I’m working on my first projection of picks 1-20 (I did 1-10 last week). That will be up on Wednesday, so be sure to check out Draft Central. Today, we’ve got a breakdown on the top catchers in the class, if anyone’s interested. I will say this. Just because there’s a new scouting director does not mean that Logan White still isn’t overseeing the draft. And while he’s, on occasion, not gone the high school route, I think there will be some good high school arms for the Dodgers to choose from at No. 20.
Well, my first shot at the first 10 picks of the draft is on the site. In case you missed it, you can check it here or I’ll re-print it now:
1. Devil Rays: David Price
2. Royals: Rick Porcello
3. Cubs: Josh Vitters
4. Pirates: Daniel Moskos
5. Orioles: Ross Detwiler
6. Nationals: Phillipe Aumont
7. Brewers: Jarrod Parker
8. Rockies: Matt Dominguez
9. Diamondbacks: Mike Moustakas
10. Giants: Andrew Brackman
OK, so what have been the picks that have drawn the most reaction? You certainly can post comments below and keep the dialogue going until I update next week, but here are a few things I know that I didn’t put into the story or didn’t know at the time.
1. Royals and Porcello. Based purely on the evaluation of talent, the Royals (at least some of them) have David Price No. 1 and Rick Porcello No. 2. Yes, they’ve spent money in the past few drafts. They also spent a lot of money during the offseason, so they might end up trying to save a little. I’m not ready to take Porcello off this spot yet because they could very well pull the trigger on him. But a cheaper college arm — who also could get to Kansas City faster, presumably — may end up happening here.
2. Pirates and Moskos. I’ll be honest. At this point, I don’t think they take Moskos here. The problem is, I don’t have any idea who they do take. Taking a college lefty just doesn’t make a whole lot of sense, especially one who people may not be 100 percent convinced can be a starter. Do you really want a setup guy or closer at No. 4 overall? I wouldn’t, but that’s just me. There are some very good high school arms available, but the Pirates have had some trouble/bad luck with the health of young arms. They really want a bat. Maybe they can send subliminal messages to the Cubs about Jarrod Parker.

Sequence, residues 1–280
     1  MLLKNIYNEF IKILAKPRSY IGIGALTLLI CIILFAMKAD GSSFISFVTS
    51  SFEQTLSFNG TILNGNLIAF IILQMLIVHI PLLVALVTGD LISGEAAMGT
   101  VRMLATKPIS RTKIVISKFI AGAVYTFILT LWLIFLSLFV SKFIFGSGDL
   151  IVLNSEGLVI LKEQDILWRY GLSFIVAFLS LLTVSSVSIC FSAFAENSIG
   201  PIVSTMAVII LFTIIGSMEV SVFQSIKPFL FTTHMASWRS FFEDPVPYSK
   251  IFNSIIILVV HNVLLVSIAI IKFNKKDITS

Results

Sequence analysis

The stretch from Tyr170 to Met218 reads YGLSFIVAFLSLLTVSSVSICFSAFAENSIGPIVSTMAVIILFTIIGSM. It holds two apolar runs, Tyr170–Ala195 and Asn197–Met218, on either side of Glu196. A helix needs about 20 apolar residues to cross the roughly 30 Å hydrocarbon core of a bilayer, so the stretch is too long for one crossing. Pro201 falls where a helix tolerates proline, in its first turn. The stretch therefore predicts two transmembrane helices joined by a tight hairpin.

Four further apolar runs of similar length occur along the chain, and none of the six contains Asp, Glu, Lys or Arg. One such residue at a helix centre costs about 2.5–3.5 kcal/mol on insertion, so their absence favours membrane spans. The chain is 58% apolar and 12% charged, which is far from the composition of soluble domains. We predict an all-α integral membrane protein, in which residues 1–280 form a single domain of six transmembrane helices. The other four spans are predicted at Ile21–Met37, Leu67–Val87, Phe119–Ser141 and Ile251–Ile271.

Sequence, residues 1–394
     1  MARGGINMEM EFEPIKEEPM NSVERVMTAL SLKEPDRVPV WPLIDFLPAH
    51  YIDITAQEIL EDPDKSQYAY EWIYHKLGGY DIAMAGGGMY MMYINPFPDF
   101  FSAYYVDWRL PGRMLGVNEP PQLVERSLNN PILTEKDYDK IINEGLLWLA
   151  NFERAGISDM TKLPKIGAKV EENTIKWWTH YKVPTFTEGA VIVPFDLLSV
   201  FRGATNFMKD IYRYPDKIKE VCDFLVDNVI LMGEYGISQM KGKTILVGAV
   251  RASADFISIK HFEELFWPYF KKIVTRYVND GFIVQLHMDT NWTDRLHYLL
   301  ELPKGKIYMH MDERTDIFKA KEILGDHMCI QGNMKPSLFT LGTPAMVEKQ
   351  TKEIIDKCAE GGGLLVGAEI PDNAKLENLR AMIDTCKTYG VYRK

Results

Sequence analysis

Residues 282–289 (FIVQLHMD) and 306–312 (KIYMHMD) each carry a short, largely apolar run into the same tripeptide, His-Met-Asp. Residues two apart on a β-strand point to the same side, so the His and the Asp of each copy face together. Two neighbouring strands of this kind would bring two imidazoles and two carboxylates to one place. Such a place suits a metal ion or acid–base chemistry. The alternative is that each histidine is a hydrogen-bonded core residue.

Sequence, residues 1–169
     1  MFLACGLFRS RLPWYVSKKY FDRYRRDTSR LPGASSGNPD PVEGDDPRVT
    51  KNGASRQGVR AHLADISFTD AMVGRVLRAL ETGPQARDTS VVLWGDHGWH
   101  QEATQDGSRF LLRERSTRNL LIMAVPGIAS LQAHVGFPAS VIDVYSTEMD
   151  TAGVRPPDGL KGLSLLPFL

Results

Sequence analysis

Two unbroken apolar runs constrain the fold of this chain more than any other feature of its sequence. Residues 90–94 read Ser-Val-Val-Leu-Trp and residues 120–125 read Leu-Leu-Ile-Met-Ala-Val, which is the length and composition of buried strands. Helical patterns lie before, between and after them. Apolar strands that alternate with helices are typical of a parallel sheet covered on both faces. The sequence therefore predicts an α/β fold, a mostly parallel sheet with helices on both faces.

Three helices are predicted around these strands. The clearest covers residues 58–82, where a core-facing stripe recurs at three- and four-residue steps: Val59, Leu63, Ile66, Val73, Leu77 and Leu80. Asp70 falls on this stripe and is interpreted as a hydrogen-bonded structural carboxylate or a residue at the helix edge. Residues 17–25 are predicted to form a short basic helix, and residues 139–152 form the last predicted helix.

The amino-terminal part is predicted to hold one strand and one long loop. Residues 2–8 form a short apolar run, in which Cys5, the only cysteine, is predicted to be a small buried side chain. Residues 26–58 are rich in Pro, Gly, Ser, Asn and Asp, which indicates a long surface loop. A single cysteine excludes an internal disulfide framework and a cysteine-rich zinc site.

3. Mike Moustakas. His stock has gone up about as much as anyone’s and you might see him move up a few notches to No. 7 next week. The one caveat: Word on the street is that his bonus demands are extremely high and some aren’t sure what position he’ll play. How those variables play out will be very interesting.
4. The Nats. Still to me the most interesting team to watch simply because of all the people involved in the decision-making. Keep in mind, they have four picks in the sandwich round and 2nd round so even if they don’t go for the "big splash" with this top pick, they’ll be able to collect a nice amount of talent. With the Max Scherzer wild card thrown in, we may not know exactly what’s going on here for a while.
5. Matt Wieters. Finally, a chat about the biggest name not on my top 10. Frankly, there just wasn’t a fit for him there. There are some teams who’ll probably look at him as they realize he’ll be there (trust me, they already know), but will they pull the trigger knowing what the asking price may be. He’s come on lately, but his performance for much of the season has been very uneven, making some even more hesitant. There’s been a lot of talk that he and Andrew Brackman will be this year’s Drew and Weaver (The main problem with that scenario is that Weaver was FAR more polished than Brackman. His slide was all about money, while with Brackman there are some actual on-the-mound concerns). Anyway, stay tuned to see where I think Wieters will land, but at the end of the day, I don’t think it will be in the top 10.
It wasn’t a great weekend for some of the projected top picks, while some others stepped up. Here’s a sampling, using the weekend guide I wrote on Friday as a compass of sorts:
David Price, LHP, Vanderbilt: Yes, he got the win and he threw just 103 pitches in eight innings in the process, a relatively low number. But he gave up five runs (four earned) on seven hits. Price said after the game that he couldn’t command his fastball or slider. This won’t hurt his draft status, mind you, as he’s still the presumed No. 1 pick.